Leasing has become an increasingly popular means of financing a set
of wheels. But it can be complicated, and lessors have in the past
taken advantage of unsuspecting lessees. That's why Congress passed
the Consumer Leasing Act in 1976. Now, there are a number of good
resources that can help you understand car leasing better, and will
remind you of your rights and responsibilities should you choose to
become a vehicle lessee.
If you're thinking about leasing a car, consider these questions:
How long will you keep the car? If you only want to have the car
for 2-3 years, leasing may be a good option.
How much do you value the warm, fuzzy feeling of ownership?
Is cost a concern, or do you have plenty of extra cash in the bank
and at the end of the month?
How much do you drive? If you drive more than 15,000 miles,
you'll have to pay for extra miles on a leased car.
Do you take care of your car? If you park at the end of the
grocery store parking lot, preferring to walk half a mile than risk
shopping-cart dents in your car, you probably won't get hit with the
beyond-wear-and-tear charges that lessors impose at the end of the lease.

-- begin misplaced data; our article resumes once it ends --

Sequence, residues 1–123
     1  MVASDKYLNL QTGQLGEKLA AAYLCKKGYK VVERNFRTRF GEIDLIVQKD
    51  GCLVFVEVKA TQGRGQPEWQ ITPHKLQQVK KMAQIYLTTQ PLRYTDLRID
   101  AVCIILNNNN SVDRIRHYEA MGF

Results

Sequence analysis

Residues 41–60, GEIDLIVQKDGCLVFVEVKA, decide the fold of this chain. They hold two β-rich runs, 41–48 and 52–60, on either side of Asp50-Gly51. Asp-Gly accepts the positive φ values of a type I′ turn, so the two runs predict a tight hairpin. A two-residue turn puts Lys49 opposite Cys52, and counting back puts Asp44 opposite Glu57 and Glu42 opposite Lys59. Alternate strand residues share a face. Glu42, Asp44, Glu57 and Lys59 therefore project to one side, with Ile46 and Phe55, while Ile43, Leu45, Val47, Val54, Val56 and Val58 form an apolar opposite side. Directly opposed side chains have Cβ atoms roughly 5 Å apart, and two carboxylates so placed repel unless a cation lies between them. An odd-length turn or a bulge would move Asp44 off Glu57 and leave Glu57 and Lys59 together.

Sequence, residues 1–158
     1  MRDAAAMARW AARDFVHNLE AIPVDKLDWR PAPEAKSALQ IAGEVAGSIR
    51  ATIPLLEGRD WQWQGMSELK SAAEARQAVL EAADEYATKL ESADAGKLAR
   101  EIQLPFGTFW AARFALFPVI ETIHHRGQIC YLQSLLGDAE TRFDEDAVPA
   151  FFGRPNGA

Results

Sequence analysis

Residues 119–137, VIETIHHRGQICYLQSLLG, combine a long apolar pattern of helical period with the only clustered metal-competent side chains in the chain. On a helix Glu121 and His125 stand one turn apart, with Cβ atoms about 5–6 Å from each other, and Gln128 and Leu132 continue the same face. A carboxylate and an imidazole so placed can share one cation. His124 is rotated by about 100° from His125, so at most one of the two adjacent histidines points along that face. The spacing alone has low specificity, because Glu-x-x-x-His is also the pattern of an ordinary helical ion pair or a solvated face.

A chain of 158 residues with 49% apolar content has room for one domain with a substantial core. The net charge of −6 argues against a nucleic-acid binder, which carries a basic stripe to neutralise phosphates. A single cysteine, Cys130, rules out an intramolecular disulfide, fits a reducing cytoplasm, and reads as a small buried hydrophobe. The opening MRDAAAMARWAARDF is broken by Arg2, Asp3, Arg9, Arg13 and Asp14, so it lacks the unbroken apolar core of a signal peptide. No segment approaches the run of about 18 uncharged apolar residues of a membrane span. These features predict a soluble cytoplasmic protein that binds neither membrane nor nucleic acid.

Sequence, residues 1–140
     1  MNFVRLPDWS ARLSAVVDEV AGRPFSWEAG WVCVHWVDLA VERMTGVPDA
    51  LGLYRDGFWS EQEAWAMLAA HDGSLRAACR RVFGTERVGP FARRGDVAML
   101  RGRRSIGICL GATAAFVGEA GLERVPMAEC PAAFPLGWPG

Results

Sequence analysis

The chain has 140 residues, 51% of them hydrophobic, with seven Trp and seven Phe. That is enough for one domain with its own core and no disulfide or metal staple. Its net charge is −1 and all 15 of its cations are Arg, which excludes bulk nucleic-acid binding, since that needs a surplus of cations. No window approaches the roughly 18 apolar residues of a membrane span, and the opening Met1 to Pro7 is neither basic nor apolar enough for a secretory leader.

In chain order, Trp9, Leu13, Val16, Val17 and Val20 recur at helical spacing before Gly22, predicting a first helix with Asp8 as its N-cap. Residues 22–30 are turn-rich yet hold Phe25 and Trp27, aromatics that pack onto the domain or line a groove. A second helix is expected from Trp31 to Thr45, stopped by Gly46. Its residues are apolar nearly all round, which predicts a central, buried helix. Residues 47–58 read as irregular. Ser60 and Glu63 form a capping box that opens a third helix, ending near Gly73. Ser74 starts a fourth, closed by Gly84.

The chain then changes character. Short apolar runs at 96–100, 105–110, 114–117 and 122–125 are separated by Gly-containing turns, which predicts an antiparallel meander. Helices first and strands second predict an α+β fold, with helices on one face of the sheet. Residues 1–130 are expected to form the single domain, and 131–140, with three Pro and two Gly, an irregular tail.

Are your circumstances likely to change? If you're thinking
about joining the Peace Corp, quitting your job to become a traveling
musician, or becoming a full-time public transport commuter, you'll find
it hard to get out of a lease early.
Then make sure that you're aware of the advantages and disadvantages
of leasing over buying. Some of the benefits of leasing over buying:
Your monthly payment for a particular car will be lower.
Your down payment for a particular car will be smaller (you may not have to put any money down).
You won't have to deal with the hassle of selling the car when you're ready for a new one.
Some of the downsides of leasing over buying:
Leasing is more complicated. The resources mentioned earlier will help you navigate the leasing process,
but nonetheless, leasing a car is more complicated than buying a car.
You won't own anything at the end of the payment term.
You'll always have a car payment (as long as you keep re-leasing).
If your circumstances change and you have to get out of the lease early, it can be very expensive.